RECENT RESCUE @ the Juneau Raptor Center: 'Rachel'

Posted: Friday, October 22, 2010

Name: "Rachel"

Courtesy Of The Jrc
Courtesy Of The Jrc

Type of bird: Northwestern crow (Corvus caurinus).

What happened: On Sept. 12, a crow flew into Juneau's lower tram building from the waterfront side and ran into many windows before she was finally captured.

Injuries: X-rays revealed no broken bones. Her wings seemed to function well, but she was unable to stand and appeared to have no strength or control over her legs.

Care: Initially, she was treated with an anti-inflammatory and given fluids. For three days she was force fed and laid on her side. She then started to eat food on her own when it was handed to her. After two weeks, Rachel was still struggling, though she was slowly improving. She gained the strenth to sit upright on her legs and belly and now trys to stand in earnest. On Sept. 27, she was able to sit on the lower half of her legs with the rest of her body off the ground, which is a vast improvement.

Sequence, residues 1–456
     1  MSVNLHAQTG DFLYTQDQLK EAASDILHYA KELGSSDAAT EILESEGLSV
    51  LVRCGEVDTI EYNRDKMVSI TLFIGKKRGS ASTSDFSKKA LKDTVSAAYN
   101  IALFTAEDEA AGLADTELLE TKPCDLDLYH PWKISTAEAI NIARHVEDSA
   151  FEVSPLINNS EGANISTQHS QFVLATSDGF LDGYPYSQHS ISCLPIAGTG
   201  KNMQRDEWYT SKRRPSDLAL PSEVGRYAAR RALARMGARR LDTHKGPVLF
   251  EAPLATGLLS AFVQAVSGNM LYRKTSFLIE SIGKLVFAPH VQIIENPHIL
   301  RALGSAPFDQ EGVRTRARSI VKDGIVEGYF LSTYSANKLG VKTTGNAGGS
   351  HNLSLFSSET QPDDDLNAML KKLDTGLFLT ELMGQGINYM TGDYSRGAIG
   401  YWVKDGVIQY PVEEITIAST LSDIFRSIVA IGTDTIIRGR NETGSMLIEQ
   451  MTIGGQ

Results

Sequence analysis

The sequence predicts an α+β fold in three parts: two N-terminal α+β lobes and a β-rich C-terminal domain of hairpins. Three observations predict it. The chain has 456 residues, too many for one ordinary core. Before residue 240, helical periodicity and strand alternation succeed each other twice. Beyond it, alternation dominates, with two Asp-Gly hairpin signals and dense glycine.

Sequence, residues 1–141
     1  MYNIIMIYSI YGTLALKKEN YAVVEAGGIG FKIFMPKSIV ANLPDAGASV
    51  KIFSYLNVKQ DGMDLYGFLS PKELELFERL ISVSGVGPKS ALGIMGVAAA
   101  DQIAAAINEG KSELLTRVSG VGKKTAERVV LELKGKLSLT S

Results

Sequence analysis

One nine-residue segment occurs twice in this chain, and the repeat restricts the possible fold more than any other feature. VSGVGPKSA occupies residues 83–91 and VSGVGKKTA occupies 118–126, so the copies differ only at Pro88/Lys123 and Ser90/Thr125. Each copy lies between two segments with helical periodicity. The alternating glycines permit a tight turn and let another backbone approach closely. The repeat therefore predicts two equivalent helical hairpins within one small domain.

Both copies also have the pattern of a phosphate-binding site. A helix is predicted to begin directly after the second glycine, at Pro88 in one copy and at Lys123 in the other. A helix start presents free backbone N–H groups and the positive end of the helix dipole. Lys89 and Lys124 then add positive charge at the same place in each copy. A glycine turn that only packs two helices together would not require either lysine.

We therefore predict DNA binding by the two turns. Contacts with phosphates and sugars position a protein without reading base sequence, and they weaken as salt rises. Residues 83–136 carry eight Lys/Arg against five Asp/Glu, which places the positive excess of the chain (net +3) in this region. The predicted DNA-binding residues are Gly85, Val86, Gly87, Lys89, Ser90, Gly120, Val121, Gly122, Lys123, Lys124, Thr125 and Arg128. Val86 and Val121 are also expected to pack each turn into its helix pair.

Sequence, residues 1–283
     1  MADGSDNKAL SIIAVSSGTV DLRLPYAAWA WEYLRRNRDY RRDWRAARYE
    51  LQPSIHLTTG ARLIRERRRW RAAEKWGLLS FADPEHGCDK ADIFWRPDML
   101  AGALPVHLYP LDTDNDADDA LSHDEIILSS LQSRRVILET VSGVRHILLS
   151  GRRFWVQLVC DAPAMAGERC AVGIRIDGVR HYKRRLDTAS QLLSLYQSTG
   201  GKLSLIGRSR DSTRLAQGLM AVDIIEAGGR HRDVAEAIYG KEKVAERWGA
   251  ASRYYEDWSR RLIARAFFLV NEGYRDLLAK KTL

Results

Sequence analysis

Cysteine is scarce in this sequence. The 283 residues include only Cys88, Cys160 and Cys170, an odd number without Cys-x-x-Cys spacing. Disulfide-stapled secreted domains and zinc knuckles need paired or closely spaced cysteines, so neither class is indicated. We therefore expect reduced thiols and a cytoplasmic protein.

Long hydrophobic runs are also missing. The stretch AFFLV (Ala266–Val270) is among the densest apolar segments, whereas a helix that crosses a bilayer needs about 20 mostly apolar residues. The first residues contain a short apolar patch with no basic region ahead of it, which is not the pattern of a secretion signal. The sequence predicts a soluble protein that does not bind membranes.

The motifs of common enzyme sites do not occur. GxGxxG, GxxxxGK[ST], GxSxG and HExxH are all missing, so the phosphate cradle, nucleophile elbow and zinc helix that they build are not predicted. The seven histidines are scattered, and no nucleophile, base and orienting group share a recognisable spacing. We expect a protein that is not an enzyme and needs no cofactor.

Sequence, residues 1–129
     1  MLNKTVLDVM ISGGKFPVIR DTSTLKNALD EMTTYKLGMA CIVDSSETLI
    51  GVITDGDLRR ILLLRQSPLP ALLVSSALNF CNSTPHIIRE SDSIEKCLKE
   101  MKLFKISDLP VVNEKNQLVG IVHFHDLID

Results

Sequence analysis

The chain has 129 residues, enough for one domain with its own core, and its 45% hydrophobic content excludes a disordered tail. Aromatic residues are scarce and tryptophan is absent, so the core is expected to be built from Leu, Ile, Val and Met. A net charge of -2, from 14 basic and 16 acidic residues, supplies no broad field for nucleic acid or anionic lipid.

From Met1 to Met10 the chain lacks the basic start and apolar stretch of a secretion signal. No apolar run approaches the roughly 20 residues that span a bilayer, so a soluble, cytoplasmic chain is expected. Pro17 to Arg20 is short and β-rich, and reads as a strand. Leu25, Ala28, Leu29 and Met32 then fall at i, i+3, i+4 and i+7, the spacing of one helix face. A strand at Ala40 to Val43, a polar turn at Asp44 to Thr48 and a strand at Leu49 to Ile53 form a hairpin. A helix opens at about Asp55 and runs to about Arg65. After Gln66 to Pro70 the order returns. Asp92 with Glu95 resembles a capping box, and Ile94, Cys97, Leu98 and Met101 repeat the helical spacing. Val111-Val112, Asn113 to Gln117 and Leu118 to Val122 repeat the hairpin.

Update as of Oct. 11: Rachel was moved to a larger indoor enclosure where she is able to use her wings to move about. Her caretaker reports that Rachel now eats on her own. However, she is still unable to stand or walk. Volunteers remain hopeful about her recovery.

Release: Until Rachel's condition improves further, there is no chance for her release at this time.

More about the Northwestern crow: In general, Northwestern crows are large, shiny, black birds with long, solid bills. They can be distinguished from common ravens by their smaller size, straight or slightly rounded tails and higher-pitched voices. Ravens also have more massive bills and longer, shaggier feathers at their throats. Northwestern crows are smaller than the closely related American crows and have lower, huskier voices. Many authorities believe that the Northwestern crow is not a true species, but a subspecies of the American crow. This species occurs in coastal regions and offshore islands of southern Alaska, south through British Columbia to Washington state. Beaches and shorelines are the principal forage areas. It can often be seen in and around urban areas.

• Message phone for the Juneau Raptor Center, 586-8393; emergency pager, 790-5424; or for more information about the JRC, go online to juneauraptorcenter.org.

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